17:74 And had We not made thee firm [in faith], thou might have inclined to them a little.
As regards “the tree cursed in this Qur’an”, there is no doubt that it is the “tree of deadly fruit” (shajarat az-zaqqum) spoken of in 37:62 ff. and 44:43 ff. as one of the manifestations of hell (see 37:62-63 and the corresponding notes 22 and 23, the latter of which explains why this “tree” has become “a trial for men”). In the above context, it is described as “cursed” because it obviously symbolizes hell itself. The reason why only “hell” – and no other manifestation of the hereafter – is specifically alluded to here becomes evident in the subsequent statement that it is meant to convey a warning.
17:75 In which case We would indeed have made thee taste double [chastisement] in life and double [chastisement] after death, and thou wouldst have found none to succor thee against Us!
For an explanation of the allegory of Adam and the angels, see 2:30-34, 7:11-18, and 15:26-41, as well as the corresponding notes. In the present instance, as in Al-A’raf and Al-Hijr, the accent is on the contempt of Iblis for Adam (which is obviously a metonym for the whole human race): hence, this passage apparently connects with the end of verse 53 above – “verily, Satan is man’s open foe!” The stress on man’s dignity – expressed in God’s commandment to the aangels to “prostrate themselves before Adam” – links this allegory with verses 70-72.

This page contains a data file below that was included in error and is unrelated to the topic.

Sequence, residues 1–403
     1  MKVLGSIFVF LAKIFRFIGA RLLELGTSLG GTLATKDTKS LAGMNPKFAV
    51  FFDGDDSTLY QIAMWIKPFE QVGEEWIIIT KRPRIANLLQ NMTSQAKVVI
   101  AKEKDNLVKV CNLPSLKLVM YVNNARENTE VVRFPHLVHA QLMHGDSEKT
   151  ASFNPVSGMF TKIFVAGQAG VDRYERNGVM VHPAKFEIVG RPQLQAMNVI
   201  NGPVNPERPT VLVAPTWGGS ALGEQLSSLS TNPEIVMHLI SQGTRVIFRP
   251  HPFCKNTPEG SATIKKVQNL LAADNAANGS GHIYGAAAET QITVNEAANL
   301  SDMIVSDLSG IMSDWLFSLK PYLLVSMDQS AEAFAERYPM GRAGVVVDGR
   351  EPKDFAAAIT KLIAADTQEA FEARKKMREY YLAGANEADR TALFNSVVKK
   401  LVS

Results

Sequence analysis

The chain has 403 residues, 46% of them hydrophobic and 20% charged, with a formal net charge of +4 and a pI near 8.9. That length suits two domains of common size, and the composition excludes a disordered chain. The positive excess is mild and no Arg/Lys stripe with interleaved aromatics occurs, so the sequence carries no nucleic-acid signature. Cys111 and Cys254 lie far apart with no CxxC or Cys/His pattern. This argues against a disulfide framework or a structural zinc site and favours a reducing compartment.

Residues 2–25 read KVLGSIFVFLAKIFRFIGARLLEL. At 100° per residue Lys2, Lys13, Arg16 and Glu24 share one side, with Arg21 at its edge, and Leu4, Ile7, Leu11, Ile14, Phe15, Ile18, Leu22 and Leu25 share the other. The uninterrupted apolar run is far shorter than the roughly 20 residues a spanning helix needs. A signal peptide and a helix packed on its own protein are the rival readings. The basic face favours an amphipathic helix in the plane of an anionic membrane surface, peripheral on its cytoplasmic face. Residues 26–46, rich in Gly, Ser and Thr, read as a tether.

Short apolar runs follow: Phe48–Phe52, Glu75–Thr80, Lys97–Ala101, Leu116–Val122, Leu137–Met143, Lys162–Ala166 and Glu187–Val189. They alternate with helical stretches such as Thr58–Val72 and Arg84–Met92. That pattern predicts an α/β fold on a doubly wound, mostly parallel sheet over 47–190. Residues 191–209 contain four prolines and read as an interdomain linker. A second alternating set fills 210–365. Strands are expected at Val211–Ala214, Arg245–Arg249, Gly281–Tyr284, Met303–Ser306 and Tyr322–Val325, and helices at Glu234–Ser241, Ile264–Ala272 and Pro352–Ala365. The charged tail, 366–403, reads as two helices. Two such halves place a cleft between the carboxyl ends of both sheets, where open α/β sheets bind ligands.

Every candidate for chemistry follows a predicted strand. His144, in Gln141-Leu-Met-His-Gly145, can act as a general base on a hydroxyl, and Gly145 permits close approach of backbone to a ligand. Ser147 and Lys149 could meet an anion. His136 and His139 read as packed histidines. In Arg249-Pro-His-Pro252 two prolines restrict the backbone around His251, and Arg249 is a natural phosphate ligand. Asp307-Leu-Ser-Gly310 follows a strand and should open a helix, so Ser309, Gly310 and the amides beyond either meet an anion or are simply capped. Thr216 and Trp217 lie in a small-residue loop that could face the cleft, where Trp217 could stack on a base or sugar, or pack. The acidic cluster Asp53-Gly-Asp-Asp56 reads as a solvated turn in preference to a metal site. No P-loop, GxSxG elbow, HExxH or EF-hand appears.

17:76 And [since they see that they cannot persuade thee,] they endeavor to estrange thee from the land [of thy birth] with a view to driving thee away from it – but, then, after thou wilt has left, they themselves will not remain [in it] for more than a little while.
Cf. 7:16-17. The verb hanaka denotes, literally, “he put a rope around the lower jaw (hanak) [of a horse]”, i.e., in order to lead it; hence, the form ihtanaka means “he made [another being] follow him submissively” or “obey him blindly”.
17:77 [Such has been Our] way with all of Our apostles whom We sent before thy time; and no change wilt thou find in Our ways.
This is an idiomatically established metaphor, signifying “with all thy might”.
17:78 Be constant in [thy] prayer from the time when the sun has passed its zenith till the darkness of night, and [be ever mindful of its] recitation at dawn: for, behold, the recitation [of prayer] at dawn is indeed witnessed [by all that is holy].
An allusion to possessions acquired by sinful means or spent on sinful purposes, and to the begetting of children through fornication or adultery. (It must, however, be pointed out that in the ethics and the canon law of Islam no moral stigma and no legal disability whatever attaches to the child thus begotten).
17:79 And rise from thy sleep and pray during part of the night [as well], as a free offering from thee, and thy Sustainer may well raise thee to a glorious station [in the life to come].
Cf. 4:120 and the corresponding note 142.
17:80 And say [in thy prayer]: “O my Sustainer! Cause me to enter [upon whatever I may do] in a manner true and sincere, and cause me to leave [it] in a manner true and sincere, and grant me, out of Thy grace, sustaining strength!”
i.e., “thou shalt have no real power over them”, as brought out in 14:22 and 15:42.